The Planning Board this week recommended City Commissioners allow up to an additional ten feet in height for buildings (maximum 60 feet) in commercial districts provided the first floor has a minimum height of 12 feet from the base flood elevation plus maximum freeboard. In addition, the Board gave a positive recommendation to another ordinance to provide increased height and setbacks for some residential properties. Both ordinances originated with the Mayor’s Blue Ribbon Panel on Sea Level Rise in an effort to provide resiliency.
The first ordinance would allow commercial buildings to adapt to raised roads and sidewalks over time. Commercial buildings rely on street traffic entering establishments with customers drawn in by what they see as they pass by. If a building were to be raised before another, commercial establishments would find themselves at a disadvantage to competitors who increase their elevation later. Under this ordinance, new buildings would be constructed with higher first floor ceilings, allowing the first floor level to be raised in the future while still allowing enough usable space on their first floors.
The ordinance as recommended by the Planning Board reflects the original thoughts of the Blue Ribbon Panel. After going to the Commission's Land Use and Development Committee, the height was reduced to an extra five feet up to a maximum of 55. Planning Board members, however, believed that did not allow builders enough height on subsequent floors to make their buildings attractive to tenants.
Board member Jeff Feldman, who is a general contractor, said, “I think we’ve seen over the course of time – if you’ve seen enough commercial buildings – what a ten-foot ceiling height does to a commercial building. And in today’s day and age, I think it obsoletes them in a lot of ways.” He said you need to take into account 12 to 18 inches of ceiling space for soffits, HVAC, mechanical, plumbing, sprinklers, IT cabling. “I think to give an 8 ½ foot or an 8 foot ceiling height in an office or some sort of commercial space would be absurd. I think 12 foot ceiling heights give us the opportunity for much better interior space, a more flexible design for the building and I think just an overall better building.”
Planning Director Tom Mooney said the Blue Ribbon Panel’s ten-foot recommendation “would give more flexibility for those upper floors.”
The Planning Board also recommended including the Town Center (TC) districts in the ordinance. (Note: Additional height would not be applicable to the West side of Alton Road from 6th Street to Collins Canal where the allowable height limit was already raised to 60 feet for resiliency purposes.)
The ordinance also creates new allowable height exceptions for future forms of renewable energy such as solar panels and wind turbines.
In addition, the Board recommended City Commissioners adopt another set of recommendations from the Mayor’s Blue Ribbon Panel pertaining to RM-1 and RM-2 districts. The ordinance would allow an additional 5 feet in height (maximum 55 feet in RM-1 districts; maximum 65 feet in RM-2) for properties not located in an historic district. It also calls for increased side setbacks (7.5 feet of 8% of lot width in RM-1; single lots no change, otherwise 10 feet or 8% of lot coverage in RM-2). These proposed changes do not apply to the RM-1 portion of the Flamingo Park area where the maximum height will remain at 35 feet.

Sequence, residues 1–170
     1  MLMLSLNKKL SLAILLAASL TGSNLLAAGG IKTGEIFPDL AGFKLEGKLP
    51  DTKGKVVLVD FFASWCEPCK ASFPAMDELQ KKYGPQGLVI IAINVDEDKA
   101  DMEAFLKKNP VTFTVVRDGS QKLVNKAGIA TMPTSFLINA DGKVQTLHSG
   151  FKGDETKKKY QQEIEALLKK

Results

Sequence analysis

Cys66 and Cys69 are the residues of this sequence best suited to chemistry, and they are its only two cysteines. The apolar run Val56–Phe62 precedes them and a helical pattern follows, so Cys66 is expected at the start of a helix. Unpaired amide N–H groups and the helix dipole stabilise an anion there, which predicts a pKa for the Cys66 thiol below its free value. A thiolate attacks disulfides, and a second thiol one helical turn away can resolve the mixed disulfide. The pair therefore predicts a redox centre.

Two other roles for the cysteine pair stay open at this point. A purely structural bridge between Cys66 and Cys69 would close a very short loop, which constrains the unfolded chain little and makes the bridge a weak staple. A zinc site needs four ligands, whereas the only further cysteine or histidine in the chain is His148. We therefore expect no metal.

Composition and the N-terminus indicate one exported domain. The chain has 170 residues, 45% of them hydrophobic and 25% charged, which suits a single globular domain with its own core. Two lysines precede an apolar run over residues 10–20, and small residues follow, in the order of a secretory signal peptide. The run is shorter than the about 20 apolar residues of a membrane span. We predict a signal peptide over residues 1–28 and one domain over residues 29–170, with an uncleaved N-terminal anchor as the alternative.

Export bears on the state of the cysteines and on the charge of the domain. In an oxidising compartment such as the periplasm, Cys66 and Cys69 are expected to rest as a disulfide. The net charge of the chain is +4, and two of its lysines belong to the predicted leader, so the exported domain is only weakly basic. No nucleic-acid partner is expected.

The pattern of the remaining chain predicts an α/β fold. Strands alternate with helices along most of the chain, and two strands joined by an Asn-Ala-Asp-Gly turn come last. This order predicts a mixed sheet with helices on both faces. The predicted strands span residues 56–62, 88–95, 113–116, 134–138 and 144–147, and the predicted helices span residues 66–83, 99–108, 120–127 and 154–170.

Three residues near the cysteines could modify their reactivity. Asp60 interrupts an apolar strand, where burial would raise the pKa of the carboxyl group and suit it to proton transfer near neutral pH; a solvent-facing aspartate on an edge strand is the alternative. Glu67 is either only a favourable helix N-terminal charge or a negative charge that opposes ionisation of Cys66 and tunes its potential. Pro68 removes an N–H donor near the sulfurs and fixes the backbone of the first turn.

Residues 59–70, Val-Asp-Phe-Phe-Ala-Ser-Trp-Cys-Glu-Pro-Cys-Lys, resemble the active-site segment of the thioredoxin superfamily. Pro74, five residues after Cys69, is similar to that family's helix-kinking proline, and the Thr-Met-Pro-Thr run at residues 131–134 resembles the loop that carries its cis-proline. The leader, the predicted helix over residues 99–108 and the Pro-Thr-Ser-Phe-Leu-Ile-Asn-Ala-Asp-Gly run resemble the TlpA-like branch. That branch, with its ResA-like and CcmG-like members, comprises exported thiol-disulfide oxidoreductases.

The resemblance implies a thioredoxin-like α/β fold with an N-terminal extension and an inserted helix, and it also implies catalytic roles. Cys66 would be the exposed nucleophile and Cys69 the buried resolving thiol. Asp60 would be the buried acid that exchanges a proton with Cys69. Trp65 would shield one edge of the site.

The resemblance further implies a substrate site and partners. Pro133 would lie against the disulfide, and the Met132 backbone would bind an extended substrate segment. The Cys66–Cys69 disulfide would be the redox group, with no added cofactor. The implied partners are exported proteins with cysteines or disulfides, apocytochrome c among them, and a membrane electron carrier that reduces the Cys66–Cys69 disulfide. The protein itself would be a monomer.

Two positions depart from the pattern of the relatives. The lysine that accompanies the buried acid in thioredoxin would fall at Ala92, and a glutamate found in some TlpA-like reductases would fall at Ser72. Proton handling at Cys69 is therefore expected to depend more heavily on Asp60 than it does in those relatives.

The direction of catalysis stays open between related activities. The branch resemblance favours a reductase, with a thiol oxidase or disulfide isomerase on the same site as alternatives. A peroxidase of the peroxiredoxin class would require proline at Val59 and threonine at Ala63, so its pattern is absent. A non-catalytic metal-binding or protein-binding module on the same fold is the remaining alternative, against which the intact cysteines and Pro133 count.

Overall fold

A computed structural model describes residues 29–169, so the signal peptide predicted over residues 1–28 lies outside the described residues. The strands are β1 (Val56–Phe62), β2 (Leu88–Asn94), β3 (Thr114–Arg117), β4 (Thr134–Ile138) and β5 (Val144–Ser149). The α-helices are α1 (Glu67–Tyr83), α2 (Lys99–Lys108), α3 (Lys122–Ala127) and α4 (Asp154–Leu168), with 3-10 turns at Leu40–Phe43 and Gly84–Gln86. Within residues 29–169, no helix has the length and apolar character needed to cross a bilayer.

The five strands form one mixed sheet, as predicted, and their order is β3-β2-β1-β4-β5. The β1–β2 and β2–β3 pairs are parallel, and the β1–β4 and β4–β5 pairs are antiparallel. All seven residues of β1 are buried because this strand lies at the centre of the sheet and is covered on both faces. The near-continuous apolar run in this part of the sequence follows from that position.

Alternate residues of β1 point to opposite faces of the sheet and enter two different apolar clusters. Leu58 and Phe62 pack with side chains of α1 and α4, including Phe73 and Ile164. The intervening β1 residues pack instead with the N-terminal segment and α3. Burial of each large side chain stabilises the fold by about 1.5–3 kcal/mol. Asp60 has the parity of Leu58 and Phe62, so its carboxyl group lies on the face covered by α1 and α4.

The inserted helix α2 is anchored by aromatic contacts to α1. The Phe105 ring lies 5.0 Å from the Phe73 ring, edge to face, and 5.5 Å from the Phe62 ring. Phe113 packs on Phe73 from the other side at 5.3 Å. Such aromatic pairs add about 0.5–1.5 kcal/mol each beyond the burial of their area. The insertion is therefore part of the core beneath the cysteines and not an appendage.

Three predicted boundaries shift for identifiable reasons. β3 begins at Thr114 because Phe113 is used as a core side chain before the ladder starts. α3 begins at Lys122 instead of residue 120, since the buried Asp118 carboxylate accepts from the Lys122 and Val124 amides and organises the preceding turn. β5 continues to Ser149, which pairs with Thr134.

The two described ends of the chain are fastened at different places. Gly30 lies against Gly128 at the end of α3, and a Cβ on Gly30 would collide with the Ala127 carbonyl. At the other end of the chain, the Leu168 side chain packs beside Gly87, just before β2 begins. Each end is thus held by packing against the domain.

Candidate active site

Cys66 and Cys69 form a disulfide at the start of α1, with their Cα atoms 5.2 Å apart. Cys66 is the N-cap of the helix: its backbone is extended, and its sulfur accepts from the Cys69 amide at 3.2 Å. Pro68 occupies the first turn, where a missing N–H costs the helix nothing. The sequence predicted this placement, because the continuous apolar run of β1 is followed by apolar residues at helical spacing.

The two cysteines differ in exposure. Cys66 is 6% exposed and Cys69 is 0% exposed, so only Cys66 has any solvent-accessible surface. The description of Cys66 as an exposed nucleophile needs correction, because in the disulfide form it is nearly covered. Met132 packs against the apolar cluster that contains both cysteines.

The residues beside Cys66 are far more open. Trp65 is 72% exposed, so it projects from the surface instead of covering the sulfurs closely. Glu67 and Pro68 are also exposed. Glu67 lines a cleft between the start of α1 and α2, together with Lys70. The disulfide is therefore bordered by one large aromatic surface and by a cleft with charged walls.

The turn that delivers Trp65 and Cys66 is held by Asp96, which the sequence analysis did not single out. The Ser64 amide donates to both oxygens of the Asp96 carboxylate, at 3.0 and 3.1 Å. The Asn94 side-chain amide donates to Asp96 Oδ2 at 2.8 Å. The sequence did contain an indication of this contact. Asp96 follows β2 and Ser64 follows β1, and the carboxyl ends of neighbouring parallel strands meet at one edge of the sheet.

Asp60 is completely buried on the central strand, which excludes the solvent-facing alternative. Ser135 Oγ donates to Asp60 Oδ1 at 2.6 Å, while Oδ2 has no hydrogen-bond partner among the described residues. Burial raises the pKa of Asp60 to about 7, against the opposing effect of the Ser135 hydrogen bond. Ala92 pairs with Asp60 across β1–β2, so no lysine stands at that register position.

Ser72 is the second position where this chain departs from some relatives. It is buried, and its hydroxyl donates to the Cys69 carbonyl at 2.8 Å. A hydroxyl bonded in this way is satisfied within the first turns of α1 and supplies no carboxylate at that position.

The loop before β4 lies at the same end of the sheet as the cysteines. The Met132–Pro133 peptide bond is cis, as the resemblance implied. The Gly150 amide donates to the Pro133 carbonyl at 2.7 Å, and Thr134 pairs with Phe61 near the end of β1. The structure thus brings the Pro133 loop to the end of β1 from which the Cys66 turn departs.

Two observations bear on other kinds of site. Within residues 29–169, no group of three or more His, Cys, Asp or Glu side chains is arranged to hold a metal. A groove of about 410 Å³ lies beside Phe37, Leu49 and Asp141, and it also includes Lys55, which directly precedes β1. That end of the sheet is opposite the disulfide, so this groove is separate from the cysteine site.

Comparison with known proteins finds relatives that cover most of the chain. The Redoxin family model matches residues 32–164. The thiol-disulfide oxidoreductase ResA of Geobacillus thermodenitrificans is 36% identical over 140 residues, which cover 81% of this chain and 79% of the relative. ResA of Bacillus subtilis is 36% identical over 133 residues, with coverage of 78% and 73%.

The Board recommended modifying the proposal, however, to reduce required parking to one space per unit regardless of unit size (versus 1.5 to 2 depending on unit size); eliminate the proposed lot coverage requirement (which was proposed at 45%); and replace the proposed lot aggregation limit for the RM-1 district (proposed at no more than two) with tangible design criteria for aggregated lots.
Mooney said, “The intent, similar to the commercial height ordinance, was to modify the development regulations in the lower density, lower-scale multi family districts to take into account the changes that are going to be needed for sea level rise in the future to basically allow for the next context of buildings that are going to be replacing existing RM-1 and RM-2 buildings outside of local historic districts."
With regard to limiting the number of lots that could be aggregated, the Board believed having good design guidelines would allow for more flexibility while ensuring compatibility. Board member Randy Gumenick said, “It gives the architect a bigger canvas to create something really nice.”
Board member Daniel Veitia said, “What concerns me about lot aggregation is people already have lots aggregated … I’m more concerned about codifying breaking and massing in the design review process that wouldn’t allow a building to span and block a whole waterway for six lots.”
“We talked about affordable housing,” he said referring to an earlier discussion. “These types of restrictions will never allow you to create affordable housing.”
Commercial height standards ordinance considered by the Board (and modified as noted above in their recommendation)
RM-1 and RM-2 proposed ordinance considered by the Board (and modified as noted above in their recommendation)
Planning Board agenda which includes video links for each discussion item